Tribe: Assonet Band of Wampanoag
Hometown: Dixon, MT
Degree received: Master’s in Prevention Science
Why did you choose WSU? As an employee of WSU, I could use the employee tuition waiver to pay for most of my graduate education. Then when I looked at the Prevention Science program, I was convinced I should go after my PhD! As an inter-disciplinary degree, it combined my interests in human development and communication.
What did you enjoy most about being a WSU student? This has been the most rewarding learning I’ve done so far in my educational journey. Once you get to the graduate school level, you really get to dive in to the specific thing you want to learn about – in my case, Native youth substance use prevention. Many of the papers I wrote for my classes, and readings I did, I could connect to that topic. The professors expected you to relate what you’re learning to your personal research.
What activities/programs were you involved with while at WSU? I was a full-time employee, so didn’t have a lot of time for anything besides work and school, but I was a member of the American Indian Science and Engineering Society and part of the Prevention Science Graduation Student Organization. This last year I was the PSGSO Membership and Outreach Chair. I was also the advisor for the Native American Women’s Association, Alpha Pi Omega sorority, and the Society for the Advancement of Chicanos and Native Americans in Science, so got to participate in many of their events.
Did any particular WSU program make an impact in your success as a student? Being the director of Native American Student Services helped keep me grounded during my studies. I was able to remain connected with the Native community on campus, and had support from my co-workers. The Native students at WSU are my inspiration, along with all the young people in our communities who haven’t had the opportunity to go to college.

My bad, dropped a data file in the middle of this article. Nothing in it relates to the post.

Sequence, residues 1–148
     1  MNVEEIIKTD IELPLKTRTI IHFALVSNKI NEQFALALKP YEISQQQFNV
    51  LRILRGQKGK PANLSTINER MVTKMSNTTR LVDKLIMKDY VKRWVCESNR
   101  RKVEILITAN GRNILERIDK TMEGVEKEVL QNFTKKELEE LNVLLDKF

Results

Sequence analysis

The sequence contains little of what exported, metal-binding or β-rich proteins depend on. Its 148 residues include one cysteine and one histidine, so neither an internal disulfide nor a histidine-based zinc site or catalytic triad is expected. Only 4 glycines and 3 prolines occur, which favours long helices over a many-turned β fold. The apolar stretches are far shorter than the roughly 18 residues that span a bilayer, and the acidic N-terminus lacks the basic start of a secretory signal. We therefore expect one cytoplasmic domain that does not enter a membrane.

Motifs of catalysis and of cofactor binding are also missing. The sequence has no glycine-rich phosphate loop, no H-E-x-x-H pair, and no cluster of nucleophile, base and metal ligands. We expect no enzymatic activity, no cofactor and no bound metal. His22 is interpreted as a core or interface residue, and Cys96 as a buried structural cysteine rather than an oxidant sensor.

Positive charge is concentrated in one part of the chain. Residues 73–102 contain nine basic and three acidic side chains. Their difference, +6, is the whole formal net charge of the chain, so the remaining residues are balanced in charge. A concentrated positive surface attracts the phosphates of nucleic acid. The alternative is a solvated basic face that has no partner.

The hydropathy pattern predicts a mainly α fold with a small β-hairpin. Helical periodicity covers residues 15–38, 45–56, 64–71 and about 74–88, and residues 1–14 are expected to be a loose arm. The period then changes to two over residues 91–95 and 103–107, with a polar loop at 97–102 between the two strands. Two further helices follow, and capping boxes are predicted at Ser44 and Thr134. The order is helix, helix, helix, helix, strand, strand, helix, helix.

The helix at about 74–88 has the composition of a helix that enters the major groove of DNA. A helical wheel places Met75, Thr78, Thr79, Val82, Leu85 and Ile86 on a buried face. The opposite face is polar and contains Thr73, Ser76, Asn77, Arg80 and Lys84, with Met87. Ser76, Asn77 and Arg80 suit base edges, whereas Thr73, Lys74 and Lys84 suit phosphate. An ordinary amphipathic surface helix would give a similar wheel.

What was your biggest challenge to achieving your education and how did you overcome it? My biggest challenge was having been out of school for so long before going back to get my (second) master’s degree. I had been out of school for over 15 years. My first day of graduate school, I showed up with a notepad and paper, and everyone else had a laptop. I hadn’t taken math since freshman year of my undergrad (1994), and had never taken statistics. I had to study my butt off just to pass the math portion of the GRE to get in to grad school. And my statistics classes were HARD, but I never missed class, watched YouTube tutorials, and I ended up with As!
What are your future plans? I am moving home to Montana to start my career in the prevention field. I will be working as a community prevention coordinator at the All Nations Health Clinic in Missoula, MT. I will be doing substance use and suicide prevention work there with the Native community and students at the University of Montana (where I went to school for my bachelor’s and first master’s!). My master’s in Prevention Science was one leg of my PhD program, so I will still continue working on my PhD – I still have preliminary exams, and my dissertation to do, but coursework is done!
What advice would you give a freshman? My advice would be go to class, every day, and do your homework. That’s all there is to it. J But also go to the Native Center when you need help. The staff’s job is to help you, so use that resource! Most of all – actively pursue your dreams! Take steps toward them, every day!